Unlike a temporary hours reduction, an employee participating in Work Share may access “partial unemployment.”  Partial unemployment under Oregon law provides compensation to an employee whose hours have been reduced pursuant to a Work Share program, including for employees who otherwise might not qualify for benefits.  In that situation, the compensation is the percentage that the employee’s hours and wages were reduced multiplied by the WBA.

Using the examples above, if Employee A’s employer applied for and received approval for its Work Share plan, Employee A’s hours would be reduced by 40%.  Employee A would still receive $360 per week in wages, but would also receive 40 percent (the proportion of the hours and wage reduction) of his WBA of $390, or $156.  Under Work Share, Employee A would receive $516 per week ($360 + $156), which is $126 more than under a temporary hours reduction.

Similarly, if Employee B’s employer participated in Work Share, Employee B would still earn wages of $720 per week.  In addition, she would also receive 40 percent of her WBA, or $259.20, for a total of $979.20 per week.  This is $259.20 more than she would receive under a temporary hours reduction.

CARES Act Supplement

In response to the COVID-19 pandemic, Congress passed the Coronavirus Aid, Relief, and Economic Security Act (“CARES” Act), which we wrote about here.  Among other things, the CARES Act provides an additional $600 per week to individuals who were laid off for COVID-19-related reasons and who otherwise qualify for unemployment benefits.  This additional amount is not payable for any week of unemployment ending after July 31, 2020.  Accordingly, in states where the week of unemployment ends on a Saturday, the last week that the CARES $600 payment may be paid is the week ending July 25, 2020.  For states where the week of unemployment ends on a Sunday, the last week that the extra payment is payable is the week ending July 26, 2020.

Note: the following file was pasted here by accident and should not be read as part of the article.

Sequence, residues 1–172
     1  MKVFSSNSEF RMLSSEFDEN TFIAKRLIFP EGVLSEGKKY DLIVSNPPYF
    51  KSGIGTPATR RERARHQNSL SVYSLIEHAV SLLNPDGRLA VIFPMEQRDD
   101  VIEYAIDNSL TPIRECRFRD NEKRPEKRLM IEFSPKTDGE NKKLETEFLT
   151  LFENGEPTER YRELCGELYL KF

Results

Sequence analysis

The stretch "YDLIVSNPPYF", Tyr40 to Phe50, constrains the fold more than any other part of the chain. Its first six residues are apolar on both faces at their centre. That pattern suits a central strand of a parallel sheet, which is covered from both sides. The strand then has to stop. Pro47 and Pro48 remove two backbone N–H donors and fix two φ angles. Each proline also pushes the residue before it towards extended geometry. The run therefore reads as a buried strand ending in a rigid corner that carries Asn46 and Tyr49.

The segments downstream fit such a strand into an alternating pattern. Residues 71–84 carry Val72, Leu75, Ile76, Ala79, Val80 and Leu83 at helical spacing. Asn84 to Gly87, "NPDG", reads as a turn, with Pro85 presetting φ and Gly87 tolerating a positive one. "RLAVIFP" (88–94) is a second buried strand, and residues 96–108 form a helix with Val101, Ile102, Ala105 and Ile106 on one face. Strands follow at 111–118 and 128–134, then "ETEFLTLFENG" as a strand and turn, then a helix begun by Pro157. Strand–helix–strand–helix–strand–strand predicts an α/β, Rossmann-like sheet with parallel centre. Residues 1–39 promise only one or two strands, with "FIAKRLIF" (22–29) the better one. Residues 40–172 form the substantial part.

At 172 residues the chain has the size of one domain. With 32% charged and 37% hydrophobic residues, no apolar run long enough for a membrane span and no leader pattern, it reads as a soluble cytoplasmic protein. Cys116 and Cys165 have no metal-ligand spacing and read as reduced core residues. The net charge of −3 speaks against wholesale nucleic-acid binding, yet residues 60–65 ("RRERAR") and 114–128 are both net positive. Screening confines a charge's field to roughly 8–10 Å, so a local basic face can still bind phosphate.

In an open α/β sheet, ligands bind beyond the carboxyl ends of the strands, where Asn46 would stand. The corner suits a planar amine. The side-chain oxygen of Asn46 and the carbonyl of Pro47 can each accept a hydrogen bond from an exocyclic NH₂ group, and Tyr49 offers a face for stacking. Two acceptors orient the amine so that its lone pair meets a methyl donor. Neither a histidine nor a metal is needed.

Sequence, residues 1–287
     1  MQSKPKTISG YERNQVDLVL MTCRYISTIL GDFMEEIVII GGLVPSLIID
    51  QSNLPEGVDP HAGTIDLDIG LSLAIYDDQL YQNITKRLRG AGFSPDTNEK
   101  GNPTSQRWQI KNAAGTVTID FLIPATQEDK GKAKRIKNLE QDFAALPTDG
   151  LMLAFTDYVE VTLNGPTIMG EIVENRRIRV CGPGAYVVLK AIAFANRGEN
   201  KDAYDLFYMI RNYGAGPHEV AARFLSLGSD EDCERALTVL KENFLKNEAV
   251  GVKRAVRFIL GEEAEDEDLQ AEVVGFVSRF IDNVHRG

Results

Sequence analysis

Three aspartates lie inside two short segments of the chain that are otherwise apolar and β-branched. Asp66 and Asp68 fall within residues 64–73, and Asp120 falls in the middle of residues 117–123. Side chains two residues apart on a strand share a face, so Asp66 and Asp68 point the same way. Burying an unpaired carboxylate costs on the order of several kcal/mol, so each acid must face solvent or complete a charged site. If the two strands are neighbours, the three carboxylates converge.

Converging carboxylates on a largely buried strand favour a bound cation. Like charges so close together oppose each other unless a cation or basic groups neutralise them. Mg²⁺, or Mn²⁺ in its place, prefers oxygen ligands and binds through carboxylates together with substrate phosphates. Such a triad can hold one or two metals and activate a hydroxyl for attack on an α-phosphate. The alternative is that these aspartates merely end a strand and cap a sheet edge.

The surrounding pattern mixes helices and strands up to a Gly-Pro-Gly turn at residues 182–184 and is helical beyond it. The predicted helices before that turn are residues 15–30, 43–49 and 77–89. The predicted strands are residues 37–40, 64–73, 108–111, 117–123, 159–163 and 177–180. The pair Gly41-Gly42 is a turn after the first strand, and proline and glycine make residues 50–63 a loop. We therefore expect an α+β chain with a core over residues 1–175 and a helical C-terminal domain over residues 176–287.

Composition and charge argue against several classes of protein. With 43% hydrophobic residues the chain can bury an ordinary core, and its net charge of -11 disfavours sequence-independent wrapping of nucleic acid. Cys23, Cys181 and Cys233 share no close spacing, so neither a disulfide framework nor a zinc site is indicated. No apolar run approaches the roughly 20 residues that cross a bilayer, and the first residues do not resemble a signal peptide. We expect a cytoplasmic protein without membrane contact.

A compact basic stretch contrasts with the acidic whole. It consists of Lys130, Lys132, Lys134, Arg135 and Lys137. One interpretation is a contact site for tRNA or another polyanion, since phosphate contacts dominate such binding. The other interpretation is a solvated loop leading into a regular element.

Following enactment of the CARES Act, the Department of Labor (DOL) clarified that only if an individual is eligible to actually receive at least a nominal amount (even just $1) of regular UC benefits for a given workweek will the individual also be eligible to receive the $600 payment, which is known as Federal Pandemic Unemployment Compensation (FPUC).  The DOL clarified that this is true even if underlying benefits are garnished (FPUC payments are subject to child support obligations).

Short-Time Compensation (STC), which is the federal term for Work Share programs, is one of the qualifying types of UC benefits pursuant to which an employee may receive FPUC.  This means that employees participating in Work Share are eligible to receive the additional $600 per week, as are employees whose work schedules have been reduced so long as they are also eligible for some amount of UC.  If an employee’s earnings for the week exceed the WBA, however, then the employee will not be eligible for any UC benefits for that week and consequently, will not receive the $600 FPUC.

Here’s how differently this could play out for the employees in the examples above:

Employee A Total Benefit
Normal Weekly Amount: $600
Temporary reduced hours amount: $390
Temporary reduced hours amount w/FPUC: $990
Work Share: $516
Work Share with FPUC: $1,116

 

Employee B Total Benefit
Normal Weekly Amount: $1,200
Temporary reduced hours amount: $720
Temporary reduced hours amount w/FPUC: $720 (not FPUC eligible)
Work Share: $979.20
Work Share with FPUC: $1,579.20

Conclusion

Hours reductions can significantly affect the amount of weekly benefits, particularly through the end of July when the FPUC is set to expire.  Employers should pay close attention when reducing hours if they want to maximize the amount of benefits their employee can recover and avoid a situation where an employee ends up with reduced wages and an inability to supplement those wages with additional unemployment benefits.